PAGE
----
I am involved in a project that enables you to manage your personal data in a controlled, trustworthy, and intelligent way in the maze of the online identity – a world in which you may wish to maintain non-linked and partially linked unique identities, each representing a different face of yourself.
The project develops a di.me platform with a prototype that incorporates user-control at the center of its design: a private server (this could even be your laptop) is your central data node in a decentralized network, and connects you to external services such as Facebook, Google+, LinkedIn, etc. via distinct identities. By learning from your behaviour, it is able to adaptively respond to interactions and provide warning mechanisms when you try to share information that may have unintended consequences – for example, sharing that picture of you at a party with a Facebook group that includes, among other people, your boss.
Right now, we have a functional demonstration version. On it, you can create multiple personal profiles and identities, and decide which identity to use when interacting online with community functionality like messaging or sharing data. It is capable of detecting what situation you are in based on location data and the people near you, if you choose to enable these services, and use this information to provide relevant warnings and recommendations when you interact with those people through the demonstrational information management platform. Our current version includes both a browser client and an android app – not yet fully functional, but enough to demonstrate the power of the prototype.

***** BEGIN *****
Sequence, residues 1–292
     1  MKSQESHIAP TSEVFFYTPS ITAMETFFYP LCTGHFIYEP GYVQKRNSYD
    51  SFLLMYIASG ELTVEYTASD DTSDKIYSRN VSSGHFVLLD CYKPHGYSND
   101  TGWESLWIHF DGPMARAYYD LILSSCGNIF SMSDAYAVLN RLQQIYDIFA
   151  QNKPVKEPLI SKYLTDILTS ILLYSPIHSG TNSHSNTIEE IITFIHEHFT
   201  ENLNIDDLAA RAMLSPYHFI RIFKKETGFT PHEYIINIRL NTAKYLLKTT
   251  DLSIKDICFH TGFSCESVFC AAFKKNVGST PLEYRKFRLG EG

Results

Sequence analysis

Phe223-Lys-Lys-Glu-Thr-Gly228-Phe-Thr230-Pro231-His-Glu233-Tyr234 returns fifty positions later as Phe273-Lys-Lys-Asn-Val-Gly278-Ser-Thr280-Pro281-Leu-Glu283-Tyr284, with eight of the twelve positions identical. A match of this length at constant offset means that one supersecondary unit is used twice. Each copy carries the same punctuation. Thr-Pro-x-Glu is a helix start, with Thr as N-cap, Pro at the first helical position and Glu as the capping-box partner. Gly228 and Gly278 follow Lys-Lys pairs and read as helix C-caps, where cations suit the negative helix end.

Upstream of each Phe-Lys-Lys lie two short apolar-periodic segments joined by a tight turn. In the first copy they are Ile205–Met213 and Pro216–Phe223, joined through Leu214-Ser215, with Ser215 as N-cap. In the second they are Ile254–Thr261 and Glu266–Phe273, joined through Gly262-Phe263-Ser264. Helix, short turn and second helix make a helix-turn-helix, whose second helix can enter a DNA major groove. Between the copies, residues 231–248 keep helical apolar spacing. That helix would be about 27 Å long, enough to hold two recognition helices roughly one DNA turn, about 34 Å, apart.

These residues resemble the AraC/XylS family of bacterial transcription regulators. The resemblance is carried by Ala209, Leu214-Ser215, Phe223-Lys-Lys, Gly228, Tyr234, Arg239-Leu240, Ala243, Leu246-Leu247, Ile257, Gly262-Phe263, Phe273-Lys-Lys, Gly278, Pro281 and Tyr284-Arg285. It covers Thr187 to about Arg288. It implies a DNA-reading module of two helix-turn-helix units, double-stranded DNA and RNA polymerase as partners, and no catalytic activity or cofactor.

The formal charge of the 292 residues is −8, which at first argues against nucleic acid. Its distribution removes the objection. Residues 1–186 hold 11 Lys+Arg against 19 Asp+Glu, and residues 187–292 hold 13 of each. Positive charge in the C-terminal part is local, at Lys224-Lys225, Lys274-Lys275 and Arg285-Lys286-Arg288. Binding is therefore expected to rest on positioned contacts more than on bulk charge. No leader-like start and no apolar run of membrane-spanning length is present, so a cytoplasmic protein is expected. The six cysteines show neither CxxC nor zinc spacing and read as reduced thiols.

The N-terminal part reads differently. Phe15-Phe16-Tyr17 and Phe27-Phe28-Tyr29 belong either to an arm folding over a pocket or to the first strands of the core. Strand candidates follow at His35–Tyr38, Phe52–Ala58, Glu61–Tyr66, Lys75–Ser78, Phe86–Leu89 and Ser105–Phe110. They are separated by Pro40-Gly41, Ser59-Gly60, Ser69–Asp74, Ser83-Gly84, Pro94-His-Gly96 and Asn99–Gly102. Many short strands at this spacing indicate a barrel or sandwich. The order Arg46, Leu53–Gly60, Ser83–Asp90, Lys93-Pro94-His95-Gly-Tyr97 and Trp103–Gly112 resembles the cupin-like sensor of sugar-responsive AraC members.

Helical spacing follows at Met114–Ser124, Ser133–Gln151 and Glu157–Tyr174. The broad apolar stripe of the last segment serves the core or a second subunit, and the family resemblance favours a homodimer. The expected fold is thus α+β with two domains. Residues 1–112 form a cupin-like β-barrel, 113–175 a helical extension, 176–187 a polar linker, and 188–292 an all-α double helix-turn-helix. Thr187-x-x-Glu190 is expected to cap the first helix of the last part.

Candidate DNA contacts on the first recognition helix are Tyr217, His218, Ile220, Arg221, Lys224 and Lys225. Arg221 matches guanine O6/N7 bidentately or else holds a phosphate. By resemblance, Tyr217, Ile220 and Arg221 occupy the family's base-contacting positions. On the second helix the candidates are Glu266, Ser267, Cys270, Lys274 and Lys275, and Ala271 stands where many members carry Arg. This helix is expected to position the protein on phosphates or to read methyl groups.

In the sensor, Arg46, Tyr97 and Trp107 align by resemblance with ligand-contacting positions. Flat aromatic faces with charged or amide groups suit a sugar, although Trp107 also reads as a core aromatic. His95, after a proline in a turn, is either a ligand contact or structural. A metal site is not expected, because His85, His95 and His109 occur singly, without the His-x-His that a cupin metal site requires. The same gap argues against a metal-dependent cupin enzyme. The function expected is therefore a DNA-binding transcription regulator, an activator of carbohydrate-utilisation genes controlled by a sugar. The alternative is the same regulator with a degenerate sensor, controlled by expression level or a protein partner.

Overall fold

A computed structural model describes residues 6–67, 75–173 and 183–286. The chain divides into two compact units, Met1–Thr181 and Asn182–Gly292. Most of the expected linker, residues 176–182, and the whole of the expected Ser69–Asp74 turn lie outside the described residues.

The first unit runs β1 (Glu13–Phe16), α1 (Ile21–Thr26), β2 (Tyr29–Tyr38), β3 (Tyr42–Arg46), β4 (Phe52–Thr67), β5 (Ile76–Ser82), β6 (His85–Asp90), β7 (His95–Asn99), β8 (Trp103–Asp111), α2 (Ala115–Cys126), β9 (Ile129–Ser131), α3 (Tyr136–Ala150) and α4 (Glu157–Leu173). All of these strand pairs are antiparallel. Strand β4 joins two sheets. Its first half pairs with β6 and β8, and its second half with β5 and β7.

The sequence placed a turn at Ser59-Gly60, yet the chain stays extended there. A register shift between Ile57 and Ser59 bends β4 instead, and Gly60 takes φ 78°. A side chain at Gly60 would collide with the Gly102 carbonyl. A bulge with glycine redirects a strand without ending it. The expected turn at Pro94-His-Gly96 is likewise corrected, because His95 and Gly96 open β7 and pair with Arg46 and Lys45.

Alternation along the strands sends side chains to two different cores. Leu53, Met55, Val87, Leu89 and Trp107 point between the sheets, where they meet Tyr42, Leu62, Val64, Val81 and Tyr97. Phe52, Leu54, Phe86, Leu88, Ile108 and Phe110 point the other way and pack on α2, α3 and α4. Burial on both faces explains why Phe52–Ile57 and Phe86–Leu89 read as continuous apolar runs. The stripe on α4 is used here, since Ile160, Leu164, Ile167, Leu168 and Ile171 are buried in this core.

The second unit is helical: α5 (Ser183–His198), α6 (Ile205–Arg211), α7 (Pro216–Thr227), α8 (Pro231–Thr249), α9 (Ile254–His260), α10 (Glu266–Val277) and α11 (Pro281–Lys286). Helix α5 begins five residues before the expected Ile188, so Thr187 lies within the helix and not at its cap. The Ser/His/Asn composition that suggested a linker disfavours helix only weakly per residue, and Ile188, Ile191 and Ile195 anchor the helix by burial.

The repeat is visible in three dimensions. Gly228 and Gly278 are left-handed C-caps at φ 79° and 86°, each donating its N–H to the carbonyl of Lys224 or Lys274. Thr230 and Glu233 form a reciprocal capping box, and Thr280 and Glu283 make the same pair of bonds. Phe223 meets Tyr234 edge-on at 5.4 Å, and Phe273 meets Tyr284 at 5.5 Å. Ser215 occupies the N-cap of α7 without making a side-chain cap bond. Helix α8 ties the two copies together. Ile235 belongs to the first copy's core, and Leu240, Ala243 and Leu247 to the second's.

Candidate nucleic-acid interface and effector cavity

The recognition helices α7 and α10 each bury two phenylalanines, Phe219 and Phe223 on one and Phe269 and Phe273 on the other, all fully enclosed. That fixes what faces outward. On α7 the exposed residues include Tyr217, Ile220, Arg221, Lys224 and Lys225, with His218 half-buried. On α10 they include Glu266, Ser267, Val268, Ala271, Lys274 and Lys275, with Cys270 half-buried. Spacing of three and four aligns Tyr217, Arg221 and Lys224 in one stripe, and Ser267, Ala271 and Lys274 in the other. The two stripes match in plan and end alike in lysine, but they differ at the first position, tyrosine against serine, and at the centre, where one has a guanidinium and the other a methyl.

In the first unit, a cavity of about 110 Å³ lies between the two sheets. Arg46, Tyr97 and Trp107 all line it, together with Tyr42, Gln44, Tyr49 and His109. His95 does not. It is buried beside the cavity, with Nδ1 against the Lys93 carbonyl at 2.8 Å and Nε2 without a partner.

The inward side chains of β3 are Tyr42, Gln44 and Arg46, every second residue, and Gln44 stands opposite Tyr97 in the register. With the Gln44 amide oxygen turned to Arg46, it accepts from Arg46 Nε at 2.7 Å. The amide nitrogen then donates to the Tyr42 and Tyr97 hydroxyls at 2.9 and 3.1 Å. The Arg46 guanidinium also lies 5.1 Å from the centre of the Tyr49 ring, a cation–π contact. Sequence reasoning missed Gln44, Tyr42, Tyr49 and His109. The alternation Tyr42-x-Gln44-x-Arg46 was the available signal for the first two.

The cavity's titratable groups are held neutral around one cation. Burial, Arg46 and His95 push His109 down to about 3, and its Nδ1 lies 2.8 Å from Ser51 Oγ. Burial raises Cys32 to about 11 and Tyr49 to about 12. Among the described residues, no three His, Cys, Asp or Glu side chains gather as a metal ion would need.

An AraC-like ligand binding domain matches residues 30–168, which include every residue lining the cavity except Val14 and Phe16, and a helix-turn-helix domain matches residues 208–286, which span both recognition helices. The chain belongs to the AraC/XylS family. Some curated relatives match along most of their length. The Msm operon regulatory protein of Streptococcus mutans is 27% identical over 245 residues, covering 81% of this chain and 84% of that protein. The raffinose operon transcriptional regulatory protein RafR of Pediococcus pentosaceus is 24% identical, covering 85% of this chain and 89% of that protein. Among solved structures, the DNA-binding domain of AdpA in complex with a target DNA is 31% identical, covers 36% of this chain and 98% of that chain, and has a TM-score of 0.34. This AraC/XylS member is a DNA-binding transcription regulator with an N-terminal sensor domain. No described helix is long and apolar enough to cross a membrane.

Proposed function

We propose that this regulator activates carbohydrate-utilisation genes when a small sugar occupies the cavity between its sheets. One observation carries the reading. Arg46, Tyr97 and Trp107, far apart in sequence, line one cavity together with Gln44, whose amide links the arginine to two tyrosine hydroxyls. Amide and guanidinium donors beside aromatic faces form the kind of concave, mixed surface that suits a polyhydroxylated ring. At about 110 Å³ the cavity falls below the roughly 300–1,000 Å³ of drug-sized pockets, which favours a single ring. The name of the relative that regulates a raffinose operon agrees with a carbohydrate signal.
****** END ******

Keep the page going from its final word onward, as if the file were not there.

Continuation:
We still have some issues to sort out – completing functionality so that key use cases are covered, improving performance, and expanding the proxy layer to include additional nodes and allow for an anonymous, highly secure user experience. We plan to open up for public testing in Spring of 2013. The prototype code, too, will be released as an open-source project, at that point. Of course, you'll be more than welcome to test, at no cost to you.
In case you're wondering about our motivation? Why, nothing other than tax money at work: we're operating under a publically funded project, with a vested objective in putting control of digital identity in the hands of users, in a way in which they can understand, despite the complexity of digital interactions, hidden policy loopholes, and all sorts of other consequences your average online teenager may never have thought of.
Project homepage: http://www.dime-project.eu/en/home/dime/project/contenido.aspx